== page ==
by Charles Willson Peale, circa 1793
|14th President of the Continental Congress|
June 6, 1786 – February 2, 1787
|Preceded by||John Hancock|
|Succeeded by||Arthur St. Clair|
May 27, 1738|
|Died||June 11, 1796
|Resting place||Phipps Street Burying Ground
Nathaniel Gorham (May 27, 1738 – June 11, 1796, his first name is sometimes spelled Nathanial) was a politician and merchant from Massachusetts. He was a delegate from Massachusetts to the Continental Congress, and for six months served as the presiding officer of that body. He also attended the Constitutional Convention and was one of the signers of the United States Constitution on September 17, 1787, in Philadelphia, Pennsylvania.
Gorham was born in Charlestown, Boston, Massachusetts, and was the son of Captain Nathaniel Gorham and his father's wife Mary Soley. His 3rd great grandfather was John Howland (c. 1599–1673), who was one of the Pilgrims who traveled from England to North America on the Mayflower, signed the Mayflower Compact, and helped found the Plymouth Colony. His sister, Elizabeth Gorham, who married John Leighton, was the ancestor of Edith Kermit Carow Roosevelt, the second wife of Theodore Roosevelt, who served as First Lady of the United States during his presidency from 1901 to 1909.
He married Rebecca Call, who was descended from Anglican vicar and the first minister of Dorchester, Massachusetts, John Maverick, and his royally descended wife, Mary Gye Maverick. Rev. John Maverick was born in Awliscombe, Devon, baptized there on December 28, 1578, and enrolled at Oxford October 24, 1595, age 18. He was the son of Rev. Peter Maverick (spelled Mavericke in old English records), the vicar of Awliscombe. on September 6, 1763, in Charlestown, Massachusetts. She was born on May 14, 1744, in Charlestown, and died there on November 18, 1812. She was the daughter of Caleb Call and Rebecca Stimson. They were the parents of nine children.
Starting at 15, he served an apprenticeship with a merchant in New London, Connecticut, after which he opened a merchant house in Charlestown, Massachusetts, in 1759. He took part in public affairs at the beginning of the American Revolution: he was a member of the Massachusetts General Court (legislature) from 1771 until 1775, a delegate to the Provincial congress from 1774 until 1775, and a member of the Board of War from 1778 until its dissolution in 1781. In 1779 he served in the state constitutional convention. He was a delegate to the Congress of the Confederation from 1782 until 1783, and also from 1785 until 1787, serving as its president for five months from June 6 to November 5, 1786, after the resignation of John Hancock. Gorham also served a term as judge of the Middlesex County Court of Common Pleas.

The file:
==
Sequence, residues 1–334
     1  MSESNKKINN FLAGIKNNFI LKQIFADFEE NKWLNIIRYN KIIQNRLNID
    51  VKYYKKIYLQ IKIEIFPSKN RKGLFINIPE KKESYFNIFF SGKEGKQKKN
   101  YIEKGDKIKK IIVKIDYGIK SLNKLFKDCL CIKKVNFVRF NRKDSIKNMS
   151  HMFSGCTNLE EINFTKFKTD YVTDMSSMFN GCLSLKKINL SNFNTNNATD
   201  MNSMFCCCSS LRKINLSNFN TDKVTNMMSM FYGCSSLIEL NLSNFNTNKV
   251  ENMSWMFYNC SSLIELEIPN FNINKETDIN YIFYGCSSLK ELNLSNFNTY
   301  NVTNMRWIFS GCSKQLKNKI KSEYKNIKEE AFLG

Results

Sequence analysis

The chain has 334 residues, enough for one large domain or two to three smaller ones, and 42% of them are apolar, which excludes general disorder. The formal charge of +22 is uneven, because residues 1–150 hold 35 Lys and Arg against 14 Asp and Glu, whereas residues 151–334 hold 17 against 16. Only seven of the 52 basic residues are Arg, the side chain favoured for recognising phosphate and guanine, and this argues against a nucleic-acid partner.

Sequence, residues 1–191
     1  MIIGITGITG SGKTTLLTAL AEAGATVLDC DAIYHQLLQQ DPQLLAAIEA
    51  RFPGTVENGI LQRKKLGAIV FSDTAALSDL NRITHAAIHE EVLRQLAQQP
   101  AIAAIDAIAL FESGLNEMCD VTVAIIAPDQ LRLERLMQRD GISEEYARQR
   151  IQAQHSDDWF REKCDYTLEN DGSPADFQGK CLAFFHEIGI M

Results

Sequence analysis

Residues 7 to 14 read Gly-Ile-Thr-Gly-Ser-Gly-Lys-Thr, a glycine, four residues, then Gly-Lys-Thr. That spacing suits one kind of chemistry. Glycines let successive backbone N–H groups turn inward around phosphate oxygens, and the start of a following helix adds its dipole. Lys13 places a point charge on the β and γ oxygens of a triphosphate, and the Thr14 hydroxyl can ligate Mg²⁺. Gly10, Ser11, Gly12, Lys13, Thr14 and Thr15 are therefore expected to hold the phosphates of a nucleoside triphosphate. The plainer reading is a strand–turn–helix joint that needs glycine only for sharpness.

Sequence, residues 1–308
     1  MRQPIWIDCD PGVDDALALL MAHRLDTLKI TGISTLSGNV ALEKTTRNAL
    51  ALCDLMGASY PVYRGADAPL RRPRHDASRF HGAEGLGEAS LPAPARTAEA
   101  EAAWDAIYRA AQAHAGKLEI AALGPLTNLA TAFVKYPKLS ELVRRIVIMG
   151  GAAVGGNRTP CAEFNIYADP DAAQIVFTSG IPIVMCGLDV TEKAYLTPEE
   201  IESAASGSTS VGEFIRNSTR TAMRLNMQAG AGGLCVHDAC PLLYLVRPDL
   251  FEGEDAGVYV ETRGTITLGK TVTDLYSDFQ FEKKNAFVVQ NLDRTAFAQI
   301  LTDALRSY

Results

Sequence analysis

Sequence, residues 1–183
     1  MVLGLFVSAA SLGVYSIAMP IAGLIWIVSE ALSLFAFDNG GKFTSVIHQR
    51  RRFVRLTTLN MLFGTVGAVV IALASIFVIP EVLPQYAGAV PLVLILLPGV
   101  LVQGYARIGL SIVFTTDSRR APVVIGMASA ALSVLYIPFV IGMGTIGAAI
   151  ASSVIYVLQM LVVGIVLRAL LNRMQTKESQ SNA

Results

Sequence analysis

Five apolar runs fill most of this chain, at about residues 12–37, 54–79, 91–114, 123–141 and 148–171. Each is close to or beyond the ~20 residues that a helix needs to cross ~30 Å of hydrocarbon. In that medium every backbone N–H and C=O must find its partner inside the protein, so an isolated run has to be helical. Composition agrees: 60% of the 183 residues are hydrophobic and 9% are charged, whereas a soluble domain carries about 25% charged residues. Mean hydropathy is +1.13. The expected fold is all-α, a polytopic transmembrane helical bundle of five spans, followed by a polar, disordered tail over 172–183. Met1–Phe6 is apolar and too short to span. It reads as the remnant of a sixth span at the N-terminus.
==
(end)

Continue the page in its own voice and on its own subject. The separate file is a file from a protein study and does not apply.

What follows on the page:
In 1786 it might have been Gorham who suggested to Alexander Hamilton that Prince Henry of Prussia would become President or King of the United States. However, the offer was revoked before the prince could make a reply.
For several months in 1787, Gorham served as one of the Massachusetts delegates to the United States Constitutional Convention. Gorham frequently served as Chairman of the Convention's Committee of the Whole, meaning that he (rather than the President of the Convention, George Washington) presided over convention sessions during the delegates' first deliberations on the structure of the new government in late May and June 1787. After the convention, he worked hard to see that the Constitution was approved in his home state. In connection with Oliver Phelps, he purchased from the state of Massachusetts in 1788 pre-emption rights to an immense tract of land in western New York State which straddled the Genesee River, all for the sum of $1,000,000 (about $14.4 million today) (the Phelps and Gorham Purchase). The land in question had been previously ceded to Massachusetts from the state of New York under the 1786 Treaty of Hartford. The pre-emption right gave them the first or preemptive right to obtain clear title to this land from the Indians. They soon extinguished the Indian title to the portion of the land east of the Genesee River, as well as a 185,000 acres (750 km2) tract west of the Genesee, the Mill Yard Tract, surveyed all of it, laid out townships, and sold large parts to speculators and settlers. Nathaniel Gorham Jr. (died October 22, 1836, Canandaigua, New York) was a pioneer settler of this tract, having been placed in charge of his father's interests there.
In 1790, after Gorham and Phelps defaulted in payment, they sold nearly all of their unsold lands east of the Genesee to Robert Morris, who eventually resold those lands to The Pulteney Association. Phelps and Gorham were unable to fulfill their contract in full to Massachusetts, so in 1790, they surrendered back to Massachusetts that portion of the lands which remained under the Indian title, namely, the land west of the Genesee. It also was eventually acquired by Robert Morris, who resold most of it to The Holland Land Company. Morris did keep 500,000 acres (2,000 km2) of land that became known as The Morris Reserve.
Gorham died in Charlestown, Massachusetts, in 1796. A eulogy was delivered in his memory by Dr. Thomas Welch of Charlestown. He is buried in the Phipps Street Cemetery in Charlestown, Massachusetts.
Nathaniel Gorham's descendants number in the thousands today. Some of his notable descendants include:
Member of the Continental Congress in 1782, 1783, 1786, 1787, and 1789, and was its president from June 6, 1786, to February 2, 1787
|Wikisource has the text of a 1900 Appletons' Cyclopædia of American Biography article about Nathaniel Gorham.|
|President of the Continental Congress
June 6, 1786 – November 5, 1786
Arthur St. Clair